One of the themes that informed the “Shadows in the Cloud” report was the (potential) relationship between crimeware networks and cyber-espionage. The boundaries between the two appear to be blurring making issues of attribution increasingly more complex. It may also indicate that there is an emerging market for sensitive information and/or politically motivated attacks as crimeware networks seek to monetize such information and capabilities.

I explored this theme in a report on a case related to Kneber botnet documented by NetWitness in which a known ZeuS-based botnet, typically used to steal banking information and other credentials, was specifically targeting .mil and .gov email addresses with spearphishing attacks and then dropping a second piece of malware, an infostealer, on the compromised systems that uploaded sensitive documents to a drop zones in Belarus and Russia. This botnet was engaged in all sorts of other malicious activity associated with cybercrime.

When it comes to DDoS attacks a similar pattern is observed. Jose Nazario of Arbor Networks wrote a very interesting paper that analyzed politically motivated DDoS attacks (and is basically the inspiration for this blog post). The numerous DDoS attacks described in this paper are very interesting, some are punitive attacks others appear to be an effort to censor political speech (something I worked on at ONI in the past with Kyrgyzstan in 2005 and Belarus in 2006). In the paper Nazario dicusses the role that well known BlackEnergy-based botnets played in the DDoS attacks on Georgian websites during the Russia-Georgia conflict in 2008. In a really amazing presentation Jose Nazario and Andre DiMino of Shadowserver document the attacks on Georgia. But what is most interesting, in this context, are the other unrelated targets that the same botnets also attacked. The RU-GE case is a great example of the blurring boundaries between crimeware networks, politically motivated attacks a censorship.

On a much smaller scale, I observed some recent attacks in which a BlackEnergy-based botnet attacked a variety of unrelated targets but eventually attacked political websites. The botnet was discovered while analyzing data captured from the computer of a Tibetan political figure. Due to the character of the network Greg Walton and I concluded that the attack was not targeted and was not related to the Tibet or to the political activities of the individual who was compromised. However, I continued to monitor the botnet.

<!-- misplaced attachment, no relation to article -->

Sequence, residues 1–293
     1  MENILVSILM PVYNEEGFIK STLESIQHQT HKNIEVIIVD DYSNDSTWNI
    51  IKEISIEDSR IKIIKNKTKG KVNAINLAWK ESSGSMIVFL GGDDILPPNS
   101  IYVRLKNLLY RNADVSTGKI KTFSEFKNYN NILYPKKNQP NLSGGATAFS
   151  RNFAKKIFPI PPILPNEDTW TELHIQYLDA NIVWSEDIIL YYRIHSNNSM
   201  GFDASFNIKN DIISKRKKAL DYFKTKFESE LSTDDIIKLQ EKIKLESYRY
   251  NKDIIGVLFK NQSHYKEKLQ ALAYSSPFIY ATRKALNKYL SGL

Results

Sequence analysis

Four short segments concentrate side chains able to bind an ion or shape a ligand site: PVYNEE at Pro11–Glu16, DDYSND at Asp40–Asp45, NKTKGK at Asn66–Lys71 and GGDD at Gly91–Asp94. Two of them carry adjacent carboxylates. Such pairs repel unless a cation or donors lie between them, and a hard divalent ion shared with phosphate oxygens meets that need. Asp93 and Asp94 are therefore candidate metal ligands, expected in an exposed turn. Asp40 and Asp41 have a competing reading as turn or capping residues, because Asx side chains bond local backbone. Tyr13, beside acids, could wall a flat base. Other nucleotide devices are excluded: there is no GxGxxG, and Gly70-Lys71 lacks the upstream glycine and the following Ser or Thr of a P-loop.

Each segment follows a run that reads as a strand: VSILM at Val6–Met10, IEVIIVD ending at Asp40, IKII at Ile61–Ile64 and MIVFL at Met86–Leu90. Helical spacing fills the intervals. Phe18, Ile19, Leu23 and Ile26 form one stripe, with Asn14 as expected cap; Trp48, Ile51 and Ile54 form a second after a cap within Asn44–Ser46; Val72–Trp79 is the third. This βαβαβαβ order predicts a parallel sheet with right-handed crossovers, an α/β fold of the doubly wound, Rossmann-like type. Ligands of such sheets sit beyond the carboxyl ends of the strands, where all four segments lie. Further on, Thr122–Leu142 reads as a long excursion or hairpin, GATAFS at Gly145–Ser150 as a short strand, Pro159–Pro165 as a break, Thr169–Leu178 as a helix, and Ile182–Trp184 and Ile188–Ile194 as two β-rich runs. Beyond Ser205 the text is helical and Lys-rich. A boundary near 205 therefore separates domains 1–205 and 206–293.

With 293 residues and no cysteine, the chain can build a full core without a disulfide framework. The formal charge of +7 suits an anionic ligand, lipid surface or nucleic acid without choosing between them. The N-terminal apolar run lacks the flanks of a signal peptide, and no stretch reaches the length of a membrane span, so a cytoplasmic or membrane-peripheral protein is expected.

The botnet had two command and control domain names 091809.ru and sexiland.ru both hosted on the same IP address (210.51.166.238, China Netcom). The command and control interface was not password protected and I was able to access it and determine the size of the botnet. According to the statistics in the interface, 091809.ru had 2044 active bots, an average of 2418 per hour and 8105 per day. In total the 091809.ru recorded 64346 infections. According to the statistics in the interface, sexiland.ru (210.51.166.238) had 3623 active bots, an average of 4869 per hour and 12749 per day. In total the sexiland.ru recorded 51813 infections. This is not a particularly large botnet at all, but the attackers could access at least 6000 bots at any given time.

This botnet attacked a variety of websites, however, four of them caught my attention.

1. bachuna.net

2009-12-15 05:00:01
flood http bachuna.net

The attackers began flooding bachuna.net on 2009-12-15. The attacks appear to relate to Ukrainian news stories (here, here, here and here) which broke around the same time as the attacks started involving a judge named Oleg Bachun and two competing websites bachuna.net and bachun.net. While the former was supportive of the judge the latter implicated him in illegal activities. Since I am relying on Google Translate it would be great of some Russia and Ukrainian speakers could provide a more in-depth assessment of what happened in the case as well as to the domain names involved as it appears from the reports that bachun.net was transfered to the owner of bachuna.net.

2. ingushetiyaru.org

2010-01-16 18:00:01 – 2010-01-20 06:00:02
flood http www.ingushetiyaru.org